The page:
ft.com | EU drops a broadband bombshell | By Sarah Laitner in Brussels and Philip Stafford in London | Published: August 30 2007 01:46 | Last updated: August 30 2007 01:46
Britain is sometimes embroiled in bruising battles in Brussels. But it finds
itself singled out by the European Union's telecoms chief as a model pupil in
the drive to boost broadband competition.
Viviane Reding, the EU media commissioner, this week cited the decision to
split the networks and services division of BT of the UK as a potential
template for other former state-run telecoms operators.
Her suggestion goes to the heart of a debate on how to spur investment in new
ultra-fast broadband networks to meet European business and consumer hunger
EU broadband subscriptions have risen sharply since 2002. Nearly three in 10
households use the service and prices have fallen faster than the global
average. So why suggest splitting companies such as Deutsche Telekom or
In the British case, BT agreed in 2005 with national regulator Ofcom to create
an independent unit responsible for giving rivals access to its networks. The
division, which BT still owns, is obliged to treat competitors on the same
basis as its own services.
The split came after Ofcom felt competition was weak and that the UK was
trailing the rest of the EU in broadband adoption. Now, Ofcom says this
"functional separation" is a reason behind a doubling of maximum broadband
speeds in the UK. Rivals to BT say British broadband subscriptions are
approaching the levels of the world-leading Nordic countries.
Many younger telecoms operators in the EU relish the prospect of
change. Stefano Parisi, the chief executive of Fastweb of Italy, says: "We
fully support Ms Reding's position. More transparency and investment is
Still, EU officials insist that such a forced administrative division of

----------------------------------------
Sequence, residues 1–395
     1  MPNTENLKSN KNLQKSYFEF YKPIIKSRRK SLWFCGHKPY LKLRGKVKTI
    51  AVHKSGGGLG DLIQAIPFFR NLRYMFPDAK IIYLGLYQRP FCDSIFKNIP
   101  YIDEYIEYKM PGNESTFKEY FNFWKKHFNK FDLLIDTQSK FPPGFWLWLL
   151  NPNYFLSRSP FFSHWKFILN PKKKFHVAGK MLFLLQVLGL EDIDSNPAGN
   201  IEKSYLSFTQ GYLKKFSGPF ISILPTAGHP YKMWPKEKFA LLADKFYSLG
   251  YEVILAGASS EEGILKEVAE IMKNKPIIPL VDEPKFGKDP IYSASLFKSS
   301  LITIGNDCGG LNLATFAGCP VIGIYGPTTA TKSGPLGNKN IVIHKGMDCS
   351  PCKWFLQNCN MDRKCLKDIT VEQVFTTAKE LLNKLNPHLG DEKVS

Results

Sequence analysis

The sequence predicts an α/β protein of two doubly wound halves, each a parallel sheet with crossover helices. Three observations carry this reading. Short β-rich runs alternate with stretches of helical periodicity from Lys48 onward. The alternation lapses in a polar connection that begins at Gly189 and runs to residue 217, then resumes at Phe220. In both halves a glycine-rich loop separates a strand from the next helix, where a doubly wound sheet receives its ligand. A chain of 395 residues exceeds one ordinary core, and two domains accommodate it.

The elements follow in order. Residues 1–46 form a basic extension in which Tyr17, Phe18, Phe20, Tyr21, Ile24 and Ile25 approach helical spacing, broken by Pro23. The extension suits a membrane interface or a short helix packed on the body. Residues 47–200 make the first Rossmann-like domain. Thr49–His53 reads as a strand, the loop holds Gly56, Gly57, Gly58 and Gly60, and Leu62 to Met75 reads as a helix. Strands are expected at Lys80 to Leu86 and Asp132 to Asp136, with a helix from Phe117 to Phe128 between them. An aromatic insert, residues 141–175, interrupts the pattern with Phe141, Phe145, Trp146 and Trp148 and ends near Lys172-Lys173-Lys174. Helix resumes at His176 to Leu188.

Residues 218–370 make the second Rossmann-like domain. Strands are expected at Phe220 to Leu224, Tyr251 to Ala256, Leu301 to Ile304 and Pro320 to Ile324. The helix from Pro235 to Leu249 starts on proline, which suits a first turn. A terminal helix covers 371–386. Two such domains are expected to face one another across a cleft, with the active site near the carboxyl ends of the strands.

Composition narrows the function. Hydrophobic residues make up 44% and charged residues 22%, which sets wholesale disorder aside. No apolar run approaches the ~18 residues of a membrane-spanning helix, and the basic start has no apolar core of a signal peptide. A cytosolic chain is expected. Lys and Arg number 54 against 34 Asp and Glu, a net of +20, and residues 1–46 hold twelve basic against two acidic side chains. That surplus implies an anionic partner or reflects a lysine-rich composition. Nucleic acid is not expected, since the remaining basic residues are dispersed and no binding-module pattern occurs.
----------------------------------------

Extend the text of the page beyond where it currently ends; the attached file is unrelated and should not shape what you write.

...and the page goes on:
operators would be a last resort if all other attempts to overcome a company's
dominant market position had failed. Nevertheless, a number of question marks
First, would a forced split of big operators hinder spending on new ultra-fast
broadband networks? Critics say that it could reduce incentives for companies
to build infrastructure.
For example, Ms Reding is embroiled in a court case with Berlin over its
decision to stop rivals from selling services on Deutsche Telekom's ?3bn
($4bn, £2bn) new broadband infrastructure, amid a spat over how big operators
guarantee a decent return on investments.
Second, a soon-to-be published European Commission study concedes that the
experience of the UK model is "still rather limited".
A third concern is that market conditions vary widely across the EU. While the
Italian watchdog is considering splitting Telecom Italia, the paper reveals
that French and Dutch regulators question whether "functional separation"
would work on their markets.
Big telecoms operators have hit out at Ms Reding's suggestion. Etno, their
lobby group, says: "Consumer prices are consistently falling and markets are
increasingly competitive. Mandatory functional separation would entail a
costly and lengthy reorganisation of major European companies, which is
Will this stop Ms Reding, as she seeks to push through the biggest overhaul of
the rules governing the EU's ?289bn-a-year telecoms rulebook?
The limelight-loving Luxembourger was behind a contentious law to slash the
cost of international mobile phone use, a move that enraged big operators.
Now, she must convince her fellow 26 commissioners that her approach is right,
before formally launching her plan. EU countries and the European parliament
must also back it.
No stranger to controversy, Ms Reding has a remarkably consistent method. The
former journalist and ex-member of the European parliament is seen by some in
the industry to use a "bomb-dropping" technique. First, she outlines
outlandish ideas then waits for the air to clear before returning to the table
to get a deal.
The coming months will reveal what effect her approach has on the EU's leading
Editorial Comment: Broadband battles